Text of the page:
info 02.9.04

What Goes Around

Here's one of the best uses of the web we've seen in a long time. is a non-profit site with a wonderfully simple idea. You create a list of causes and organizations that are important to you. Then, instead of someone sending you a gift for a particular occasion, you ask them to make a contribution to one of the charities on your list. What Goes Around's mission is to make philanthropy a more integral part of our every-day lives.

A few additional points:

· What Goes Around takes nothing from your contributions to fund itself. They're funded by foundations, corporations, and individuals separately.

· There is a 3% transaction fee, which covers the cost of the credit card transaction — it does not go to What Goes Around costs or overhead.

· They don't share any of your private information to the organizations on your list.

· If you do all your giving through What Goes Around, your charitable contributions are all neatly organized for the IRS.

· Registering with What Goes Around is free.
Thanks for all your comments about our article on the Shops at Columbus Circle. The general tone was one of disappointment with the place. One dissenting reader, though, wrote:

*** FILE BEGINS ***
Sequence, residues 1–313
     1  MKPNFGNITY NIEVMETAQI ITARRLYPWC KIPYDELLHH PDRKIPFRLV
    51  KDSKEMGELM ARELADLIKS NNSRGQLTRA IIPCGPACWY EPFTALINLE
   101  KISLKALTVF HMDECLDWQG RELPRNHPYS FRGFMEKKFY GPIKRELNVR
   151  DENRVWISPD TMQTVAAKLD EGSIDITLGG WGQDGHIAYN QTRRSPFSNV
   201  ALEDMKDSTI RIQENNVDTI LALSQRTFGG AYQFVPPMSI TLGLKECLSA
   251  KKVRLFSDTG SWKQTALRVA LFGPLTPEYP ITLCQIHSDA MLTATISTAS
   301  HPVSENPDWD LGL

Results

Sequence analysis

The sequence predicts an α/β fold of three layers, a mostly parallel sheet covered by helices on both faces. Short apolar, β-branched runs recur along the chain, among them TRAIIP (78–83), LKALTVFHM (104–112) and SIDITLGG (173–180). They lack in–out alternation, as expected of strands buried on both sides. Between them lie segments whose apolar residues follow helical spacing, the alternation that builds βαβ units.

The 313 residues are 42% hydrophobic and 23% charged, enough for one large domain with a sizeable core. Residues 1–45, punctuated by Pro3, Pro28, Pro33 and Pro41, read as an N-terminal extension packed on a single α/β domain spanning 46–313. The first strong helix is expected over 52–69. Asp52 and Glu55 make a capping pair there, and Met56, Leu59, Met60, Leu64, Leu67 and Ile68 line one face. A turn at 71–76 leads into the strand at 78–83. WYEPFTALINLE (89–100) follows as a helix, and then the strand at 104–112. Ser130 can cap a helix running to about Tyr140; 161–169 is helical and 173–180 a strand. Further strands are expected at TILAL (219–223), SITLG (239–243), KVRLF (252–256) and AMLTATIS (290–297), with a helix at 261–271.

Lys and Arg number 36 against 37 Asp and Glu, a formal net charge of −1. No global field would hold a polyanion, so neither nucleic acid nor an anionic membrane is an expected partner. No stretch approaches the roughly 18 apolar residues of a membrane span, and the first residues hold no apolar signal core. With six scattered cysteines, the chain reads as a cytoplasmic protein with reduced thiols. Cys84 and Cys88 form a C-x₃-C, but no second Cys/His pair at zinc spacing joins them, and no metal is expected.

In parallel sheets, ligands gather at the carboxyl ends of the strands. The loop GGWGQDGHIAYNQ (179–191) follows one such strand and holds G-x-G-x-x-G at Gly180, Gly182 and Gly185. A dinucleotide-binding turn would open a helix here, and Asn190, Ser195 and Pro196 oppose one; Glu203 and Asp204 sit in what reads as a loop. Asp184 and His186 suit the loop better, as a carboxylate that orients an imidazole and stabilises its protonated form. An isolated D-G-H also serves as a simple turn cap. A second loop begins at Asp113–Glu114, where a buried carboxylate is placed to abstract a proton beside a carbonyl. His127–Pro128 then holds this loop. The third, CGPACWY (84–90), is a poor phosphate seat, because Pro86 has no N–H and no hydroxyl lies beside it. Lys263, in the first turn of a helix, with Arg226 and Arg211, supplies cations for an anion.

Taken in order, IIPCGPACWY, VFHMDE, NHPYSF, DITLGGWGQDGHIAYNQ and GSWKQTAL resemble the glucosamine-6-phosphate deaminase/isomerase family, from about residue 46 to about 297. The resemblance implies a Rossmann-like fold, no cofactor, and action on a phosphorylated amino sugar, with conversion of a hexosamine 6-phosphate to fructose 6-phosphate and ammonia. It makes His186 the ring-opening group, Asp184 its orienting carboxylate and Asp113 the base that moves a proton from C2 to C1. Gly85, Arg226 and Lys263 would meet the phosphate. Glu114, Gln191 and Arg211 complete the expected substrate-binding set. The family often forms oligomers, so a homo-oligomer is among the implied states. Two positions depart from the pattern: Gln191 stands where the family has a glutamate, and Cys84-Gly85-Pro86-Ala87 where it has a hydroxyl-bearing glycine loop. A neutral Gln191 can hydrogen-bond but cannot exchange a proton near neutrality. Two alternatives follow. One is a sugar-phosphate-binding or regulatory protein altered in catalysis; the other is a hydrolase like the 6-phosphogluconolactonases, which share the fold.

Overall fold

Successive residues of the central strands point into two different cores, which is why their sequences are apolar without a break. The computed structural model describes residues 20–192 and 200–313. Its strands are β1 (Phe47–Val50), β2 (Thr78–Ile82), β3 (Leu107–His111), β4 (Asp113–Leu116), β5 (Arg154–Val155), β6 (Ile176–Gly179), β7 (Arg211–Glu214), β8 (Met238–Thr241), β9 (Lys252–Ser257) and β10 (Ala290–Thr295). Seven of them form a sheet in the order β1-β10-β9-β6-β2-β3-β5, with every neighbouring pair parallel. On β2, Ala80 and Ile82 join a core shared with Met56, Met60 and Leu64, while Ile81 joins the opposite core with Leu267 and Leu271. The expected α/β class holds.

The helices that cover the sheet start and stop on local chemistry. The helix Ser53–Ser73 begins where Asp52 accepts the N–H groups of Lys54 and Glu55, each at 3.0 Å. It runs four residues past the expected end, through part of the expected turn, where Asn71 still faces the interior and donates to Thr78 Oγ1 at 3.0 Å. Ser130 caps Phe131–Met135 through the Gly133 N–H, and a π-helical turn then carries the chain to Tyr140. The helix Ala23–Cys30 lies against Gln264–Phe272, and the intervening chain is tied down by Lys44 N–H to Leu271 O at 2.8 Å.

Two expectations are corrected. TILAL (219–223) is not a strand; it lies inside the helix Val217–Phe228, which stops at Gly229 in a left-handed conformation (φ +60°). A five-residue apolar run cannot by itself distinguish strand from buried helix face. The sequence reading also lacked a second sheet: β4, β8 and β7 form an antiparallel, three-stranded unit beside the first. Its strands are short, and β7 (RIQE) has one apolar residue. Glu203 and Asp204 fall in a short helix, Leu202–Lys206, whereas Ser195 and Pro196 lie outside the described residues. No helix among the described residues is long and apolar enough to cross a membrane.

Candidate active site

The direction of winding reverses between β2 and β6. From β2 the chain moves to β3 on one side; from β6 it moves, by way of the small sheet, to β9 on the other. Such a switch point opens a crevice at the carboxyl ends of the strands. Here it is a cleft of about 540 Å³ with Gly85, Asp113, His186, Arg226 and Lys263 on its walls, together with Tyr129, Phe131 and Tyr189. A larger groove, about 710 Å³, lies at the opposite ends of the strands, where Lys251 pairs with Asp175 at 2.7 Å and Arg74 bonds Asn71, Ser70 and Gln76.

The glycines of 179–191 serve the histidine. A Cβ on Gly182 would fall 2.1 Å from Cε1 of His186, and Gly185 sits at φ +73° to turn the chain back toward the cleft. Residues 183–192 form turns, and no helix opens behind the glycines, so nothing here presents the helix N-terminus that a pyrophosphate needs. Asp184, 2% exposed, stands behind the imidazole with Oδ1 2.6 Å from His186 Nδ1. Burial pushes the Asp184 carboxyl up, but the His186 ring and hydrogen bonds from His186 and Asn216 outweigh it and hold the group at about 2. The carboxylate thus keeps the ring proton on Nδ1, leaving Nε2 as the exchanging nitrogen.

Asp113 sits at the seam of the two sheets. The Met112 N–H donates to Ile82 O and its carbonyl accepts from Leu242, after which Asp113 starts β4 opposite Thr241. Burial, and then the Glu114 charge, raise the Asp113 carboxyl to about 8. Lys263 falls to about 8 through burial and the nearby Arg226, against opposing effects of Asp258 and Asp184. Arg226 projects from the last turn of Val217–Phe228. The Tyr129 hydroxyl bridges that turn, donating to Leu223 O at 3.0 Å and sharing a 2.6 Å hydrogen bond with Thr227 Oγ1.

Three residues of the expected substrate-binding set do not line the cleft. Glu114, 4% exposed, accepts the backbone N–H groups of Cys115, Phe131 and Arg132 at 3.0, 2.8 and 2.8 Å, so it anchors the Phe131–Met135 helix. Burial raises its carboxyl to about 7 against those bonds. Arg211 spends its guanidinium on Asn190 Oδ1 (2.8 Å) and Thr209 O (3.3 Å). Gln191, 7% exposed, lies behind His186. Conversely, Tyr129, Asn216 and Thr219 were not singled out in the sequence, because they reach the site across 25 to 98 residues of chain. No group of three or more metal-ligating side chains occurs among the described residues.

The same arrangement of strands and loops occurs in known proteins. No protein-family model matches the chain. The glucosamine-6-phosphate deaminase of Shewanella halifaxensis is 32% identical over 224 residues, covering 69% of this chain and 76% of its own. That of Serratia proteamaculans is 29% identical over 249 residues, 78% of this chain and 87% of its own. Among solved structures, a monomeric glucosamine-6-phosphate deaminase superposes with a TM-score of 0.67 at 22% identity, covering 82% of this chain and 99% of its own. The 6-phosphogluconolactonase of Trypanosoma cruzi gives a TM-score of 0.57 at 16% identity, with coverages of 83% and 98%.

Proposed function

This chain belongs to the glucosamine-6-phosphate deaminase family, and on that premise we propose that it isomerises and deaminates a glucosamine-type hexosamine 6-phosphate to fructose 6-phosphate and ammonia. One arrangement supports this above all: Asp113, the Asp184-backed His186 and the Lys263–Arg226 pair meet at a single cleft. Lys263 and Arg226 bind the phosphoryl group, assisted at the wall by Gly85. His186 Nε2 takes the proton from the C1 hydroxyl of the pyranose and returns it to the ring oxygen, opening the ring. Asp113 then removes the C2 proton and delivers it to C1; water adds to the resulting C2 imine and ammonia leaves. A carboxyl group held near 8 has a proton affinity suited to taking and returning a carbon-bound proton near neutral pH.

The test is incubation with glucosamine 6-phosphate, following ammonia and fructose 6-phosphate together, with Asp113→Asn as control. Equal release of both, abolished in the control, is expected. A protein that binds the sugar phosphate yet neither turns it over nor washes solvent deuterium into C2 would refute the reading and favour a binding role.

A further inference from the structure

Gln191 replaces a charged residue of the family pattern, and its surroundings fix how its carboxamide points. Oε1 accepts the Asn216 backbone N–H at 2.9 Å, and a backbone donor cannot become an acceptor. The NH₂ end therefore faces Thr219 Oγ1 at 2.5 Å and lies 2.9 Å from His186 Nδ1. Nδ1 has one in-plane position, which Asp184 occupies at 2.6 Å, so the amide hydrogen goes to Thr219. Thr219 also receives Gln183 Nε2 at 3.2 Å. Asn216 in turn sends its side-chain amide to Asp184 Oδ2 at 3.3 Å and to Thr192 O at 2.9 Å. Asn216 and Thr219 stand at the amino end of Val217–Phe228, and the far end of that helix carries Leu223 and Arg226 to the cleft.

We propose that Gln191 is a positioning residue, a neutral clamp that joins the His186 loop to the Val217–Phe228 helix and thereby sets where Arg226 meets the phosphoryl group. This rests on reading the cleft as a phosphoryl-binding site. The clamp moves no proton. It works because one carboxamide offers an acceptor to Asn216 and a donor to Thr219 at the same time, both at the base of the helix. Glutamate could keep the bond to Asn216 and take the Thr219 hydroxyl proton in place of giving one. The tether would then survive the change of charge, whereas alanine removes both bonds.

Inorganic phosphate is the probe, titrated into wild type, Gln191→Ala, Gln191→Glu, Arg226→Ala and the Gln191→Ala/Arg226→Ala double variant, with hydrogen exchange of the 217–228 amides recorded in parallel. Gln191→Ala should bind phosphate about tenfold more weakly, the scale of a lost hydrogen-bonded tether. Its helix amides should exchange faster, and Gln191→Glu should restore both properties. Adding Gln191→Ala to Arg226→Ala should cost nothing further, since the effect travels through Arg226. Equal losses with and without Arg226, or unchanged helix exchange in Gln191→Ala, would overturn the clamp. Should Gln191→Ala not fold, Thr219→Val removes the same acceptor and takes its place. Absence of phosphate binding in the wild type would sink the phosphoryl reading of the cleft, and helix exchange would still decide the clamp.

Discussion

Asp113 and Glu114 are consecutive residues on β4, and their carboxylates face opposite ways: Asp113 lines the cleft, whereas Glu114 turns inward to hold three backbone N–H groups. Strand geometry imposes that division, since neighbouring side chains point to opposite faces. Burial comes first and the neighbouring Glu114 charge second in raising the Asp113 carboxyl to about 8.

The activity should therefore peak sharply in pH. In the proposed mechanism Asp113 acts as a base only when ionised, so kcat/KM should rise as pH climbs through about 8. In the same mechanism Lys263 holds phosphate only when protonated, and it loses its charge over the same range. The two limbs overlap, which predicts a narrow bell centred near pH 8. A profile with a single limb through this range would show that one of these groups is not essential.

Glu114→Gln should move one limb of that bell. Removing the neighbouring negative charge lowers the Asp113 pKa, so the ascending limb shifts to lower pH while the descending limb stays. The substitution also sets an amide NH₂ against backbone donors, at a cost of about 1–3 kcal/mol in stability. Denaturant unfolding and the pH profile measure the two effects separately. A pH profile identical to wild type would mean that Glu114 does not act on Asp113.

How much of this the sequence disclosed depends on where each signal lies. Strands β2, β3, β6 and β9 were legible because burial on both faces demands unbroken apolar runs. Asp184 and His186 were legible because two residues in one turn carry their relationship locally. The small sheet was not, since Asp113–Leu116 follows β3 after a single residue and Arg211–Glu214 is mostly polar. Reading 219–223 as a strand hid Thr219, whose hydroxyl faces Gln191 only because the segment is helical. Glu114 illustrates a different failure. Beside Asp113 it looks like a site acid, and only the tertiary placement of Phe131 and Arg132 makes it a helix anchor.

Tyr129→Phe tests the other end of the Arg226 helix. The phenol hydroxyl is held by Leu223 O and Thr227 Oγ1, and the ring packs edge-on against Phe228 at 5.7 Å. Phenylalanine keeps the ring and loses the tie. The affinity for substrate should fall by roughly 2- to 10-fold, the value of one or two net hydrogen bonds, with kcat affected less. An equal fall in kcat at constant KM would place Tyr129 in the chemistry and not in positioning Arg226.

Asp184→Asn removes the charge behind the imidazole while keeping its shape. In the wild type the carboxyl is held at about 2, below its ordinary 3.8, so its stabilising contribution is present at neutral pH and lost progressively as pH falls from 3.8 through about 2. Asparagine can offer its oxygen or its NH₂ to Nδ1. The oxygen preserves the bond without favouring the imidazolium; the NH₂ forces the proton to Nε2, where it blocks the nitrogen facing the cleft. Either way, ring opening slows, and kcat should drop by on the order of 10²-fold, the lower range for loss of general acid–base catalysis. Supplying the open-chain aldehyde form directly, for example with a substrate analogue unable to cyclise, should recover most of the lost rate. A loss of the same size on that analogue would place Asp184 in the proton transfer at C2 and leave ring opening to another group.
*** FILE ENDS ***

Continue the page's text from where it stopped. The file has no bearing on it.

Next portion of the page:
"…I feel that you are way off the mark regarding TimeWarner. I just visited this morning and liked it quite a bit more than I was prepared to. Is it perfect? No, but what it brings to a sadly overlooked yet important intersection of NY is significant. I loved the view out the large front window on a cloudy, rainy day: urban, distinctly New York, a bit of the park and the statue. The view was even better from the second floor…What solidified my positive, thoughrelative, impressions of this new building were reinforced when I departed Time Warner and looked around…Looking back at theHuntington Hartford, a building I never cared for, even that building looked pretty darned good in its new context."

Finally, one reader wondered if perhaps we didn't want to like it. The fact is, we did want to like it. As we wrote, we see no inherent reason why a mall can't work in New York since so much else of our orientation is vertical. We just don't think the planners have delivered any compelling reasons to visit stores here, since they're duplicates of stores throughout the city (and the world) in a dispiritingly wan setting.

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